Nazi board games

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Nazi board games were an element of Adolf Hitler’s propaganda campaign within Nazi Germany. Hitler’s Propaganda Minister, Joseph Goebbels, understood that "To be perceived, propaganda must evoke the interest of an audience and must be transmitted through an attention-getting communications medium".[1] Board games and toys for children served as a way to spread racial, military, and political propaganda to German youth.[2]

Examples[edit]

Juden Raus! (1936)[edit]

Juden Raus! (lit. "Jews Out!") is a Cross and Circle-style game published in Germany by Günther & Co. in 1936.[3][4] The game was advertised as "entertaining, instructive and solidly constructed".[5] The game's equipment includes a pair of dice, a game board, and several game piece figurines with large pointed hats meant to represent Jews.[6]

Players take turns rolling the dice and moving their "Jews" across the map toward "collection points" outside the city walls for deportation to Mandatory Palestine.[7] Written on the game board, it says "If you manage to see off 6 Jews, you’ve won a clear victory!"[6]

Juden Raus is a commercial boardgame rather than a Nazi propaganda effort,[8] and contains no Nazi symbolism.[9] The game was officially criticised by the SS journal Das Schwarze Korps, which believed the game trivialised anti-Semitic policies.[9] Ben Barkow of the Holocaust museum at the Wiener Library recounts it being documented as a "considerable commercial success", with possibly a million copies of it being sold.[8][9] However, an article in the International Society for Board Game Studies Journal suggests that the game's commercial performance may never actually be known because it may have been exaggerated in advertising material. The article considers it unlikely that the game could have been successful in Germany after having been condemned by the SS.[9]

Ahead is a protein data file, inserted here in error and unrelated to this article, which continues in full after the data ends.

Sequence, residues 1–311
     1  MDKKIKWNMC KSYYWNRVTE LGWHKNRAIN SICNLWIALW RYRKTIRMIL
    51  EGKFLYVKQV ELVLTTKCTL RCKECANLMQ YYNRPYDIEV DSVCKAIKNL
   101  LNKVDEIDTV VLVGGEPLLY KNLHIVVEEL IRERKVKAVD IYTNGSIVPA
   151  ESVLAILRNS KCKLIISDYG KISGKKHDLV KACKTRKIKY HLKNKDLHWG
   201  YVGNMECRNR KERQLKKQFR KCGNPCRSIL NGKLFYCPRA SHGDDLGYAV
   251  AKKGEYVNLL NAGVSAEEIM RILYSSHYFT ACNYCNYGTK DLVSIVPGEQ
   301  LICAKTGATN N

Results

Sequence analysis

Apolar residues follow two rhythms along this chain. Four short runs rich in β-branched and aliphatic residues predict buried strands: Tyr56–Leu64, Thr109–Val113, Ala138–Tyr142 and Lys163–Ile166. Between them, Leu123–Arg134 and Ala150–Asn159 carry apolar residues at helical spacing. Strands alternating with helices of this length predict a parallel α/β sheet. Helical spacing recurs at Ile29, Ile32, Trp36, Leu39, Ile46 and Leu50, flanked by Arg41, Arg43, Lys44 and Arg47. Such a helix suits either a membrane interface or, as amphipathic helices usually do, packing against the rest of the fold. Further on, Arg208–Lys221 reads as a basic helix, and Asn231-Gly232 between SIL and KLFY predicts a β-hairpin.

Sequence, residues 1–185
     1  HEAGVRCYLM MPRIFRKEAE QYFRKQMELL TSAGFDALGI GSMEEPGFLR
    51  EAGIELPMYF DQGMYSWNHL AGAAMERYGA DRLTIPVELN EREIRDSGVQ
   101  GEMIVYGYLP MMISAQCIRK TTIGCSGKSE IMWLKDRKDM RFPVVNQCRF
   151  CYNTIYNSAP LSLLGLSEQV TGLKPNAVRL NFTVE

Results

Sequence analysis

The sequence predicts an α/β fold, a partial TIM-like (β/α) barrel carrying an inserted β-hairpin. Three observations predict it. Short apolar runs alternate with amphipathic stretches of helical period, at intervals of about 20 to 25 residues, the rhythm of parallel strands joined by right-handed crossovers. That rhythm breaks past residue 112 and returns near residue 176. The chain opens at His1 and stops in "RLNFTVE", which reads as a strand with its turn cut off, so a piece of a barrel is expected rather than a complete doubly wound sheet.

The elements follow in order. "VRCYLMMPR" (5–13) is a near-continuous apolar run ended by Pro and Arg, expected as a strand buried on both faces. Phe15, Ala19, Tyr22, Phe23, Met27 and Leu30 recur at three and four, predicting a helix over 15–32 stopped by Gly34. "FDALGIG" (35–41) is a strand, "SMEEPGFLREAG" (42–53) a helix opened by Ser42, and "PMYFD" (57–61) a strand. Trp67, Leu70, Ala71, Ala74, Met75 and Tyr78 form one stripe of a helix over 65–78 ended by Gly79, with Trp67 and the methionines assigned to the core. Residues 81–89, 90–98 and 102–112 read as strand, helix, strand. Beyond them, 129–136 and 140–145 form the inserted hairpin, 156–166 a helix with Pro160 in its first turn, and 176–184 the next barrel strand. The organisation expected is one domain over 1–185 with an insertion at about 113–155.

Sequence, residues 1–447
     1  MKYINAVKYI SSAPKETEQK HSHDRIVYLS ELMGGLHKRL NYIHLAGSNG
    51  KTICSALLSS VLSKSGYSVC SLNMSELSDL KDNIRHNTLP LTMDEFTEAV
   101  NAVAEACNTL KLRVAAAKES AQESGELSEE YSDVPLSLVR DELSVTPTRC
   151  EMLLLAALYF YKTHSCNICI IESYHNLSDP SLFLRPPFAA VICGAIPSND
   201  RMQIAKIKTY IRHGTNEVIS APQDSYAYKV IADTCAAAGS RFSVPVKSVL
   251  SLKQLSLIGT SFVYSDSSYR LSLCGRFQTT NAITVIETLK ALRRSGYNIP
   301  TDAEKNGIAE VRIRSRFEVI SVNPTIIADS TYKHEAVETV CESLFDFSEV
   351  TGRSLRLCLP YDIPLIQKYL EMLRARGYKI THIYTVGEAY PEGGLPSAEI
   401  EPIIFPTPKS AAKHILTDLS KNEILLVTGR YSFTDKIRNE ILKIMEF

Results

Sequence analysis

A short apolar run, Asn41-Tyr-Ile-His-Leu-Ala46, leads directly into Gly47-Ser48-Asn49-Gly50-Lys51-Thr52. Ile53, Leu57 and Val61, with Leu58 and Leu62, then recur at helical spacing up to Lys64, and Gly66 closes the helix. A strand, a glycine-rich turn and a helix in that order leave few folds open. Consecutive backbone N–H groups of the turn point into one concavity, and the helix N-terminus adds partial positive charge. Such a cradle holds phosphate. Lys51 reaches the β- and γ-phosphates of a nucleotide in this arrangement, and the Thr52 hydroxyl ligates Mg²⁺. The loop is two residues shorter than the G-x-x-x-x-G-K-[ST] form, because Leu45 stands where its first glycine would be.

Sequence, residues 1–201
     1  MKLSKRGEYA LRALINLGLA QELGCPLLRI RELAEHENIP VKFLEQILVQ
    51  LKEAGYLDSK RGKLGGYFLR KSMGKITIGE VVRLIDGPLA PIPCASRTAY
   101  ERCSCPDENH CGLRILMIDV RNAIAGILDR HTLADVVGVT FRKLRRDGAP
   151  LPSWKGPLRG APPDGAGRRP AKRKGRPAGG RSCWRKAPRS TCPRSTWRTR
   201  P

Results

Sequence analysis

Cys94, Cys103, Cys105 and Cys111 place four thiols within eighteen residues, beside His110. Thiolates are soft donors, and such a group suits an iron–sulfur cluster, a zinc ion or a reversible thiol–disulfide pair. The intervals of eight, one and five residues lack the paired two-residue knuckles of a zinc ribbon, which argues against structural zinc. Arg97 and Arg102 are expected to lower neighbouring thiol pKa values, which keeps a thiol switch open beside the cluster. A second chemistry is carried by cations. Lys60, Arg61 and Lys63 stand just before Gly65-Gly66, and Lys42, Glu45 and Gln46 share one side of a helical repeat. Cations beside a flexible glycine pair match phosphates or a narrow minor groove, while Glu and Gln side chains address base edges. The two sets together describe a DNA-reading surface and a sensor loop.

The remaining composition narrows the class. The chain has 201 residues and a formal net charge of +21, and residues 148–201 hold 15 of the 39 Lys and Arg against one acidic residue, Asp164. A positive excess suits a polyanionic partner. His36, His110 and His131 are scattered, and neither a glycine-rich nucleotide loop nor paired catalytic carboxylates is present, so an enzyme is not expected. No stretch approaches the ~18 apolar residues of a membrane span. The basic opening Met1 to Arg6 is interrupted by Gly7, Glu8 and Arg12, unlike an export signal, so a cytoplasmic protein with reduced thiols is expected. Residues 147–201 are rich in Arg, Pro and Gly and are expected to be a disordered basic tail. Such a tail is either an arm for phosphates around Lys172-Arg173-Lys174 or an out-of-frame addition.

The article published by the International Society for Board Game Studies calls it "[h]istory's most infamous board game". The review says, "Juden Raus! shows that after decades of propaganda, anti-Semitism was so deeply rooted in German society in the 1930s, that someone thought it would be a good subject for a children’s game. Racism is present in many board games, but Juden Raus! is unique in its portrayal of how racism manifests itself in society and is a terrifying example of the banality of evil. ... There are many areas of the world where such a game might still find a receptive audience. ... Juden Raus! is a warning to us all".[9]

Bomber über England (1940)[edit]

Bomber über England (lit. "Bombers over England") is a bagatelle (or pinball) style game featuring a map of England and part of Northern Europe. The map contains holes in the location of key cities such as London, Liverpool, and Newcastle, and Plymouth as well as various points representing targets in the North Sea.[10]

Players shoot spring-driven balls representing "bombs" at these targets and are awarded various points for hitting the enemy targets. "Players were awarded a maximum 100 points for landing on London, while Liverpool was worth 40".[11] If players bomb locations under the control of Nazi Germany such as Brussels and Amsterdam, they lose points.

Jagd auf Kohlenklau (1944)[edit]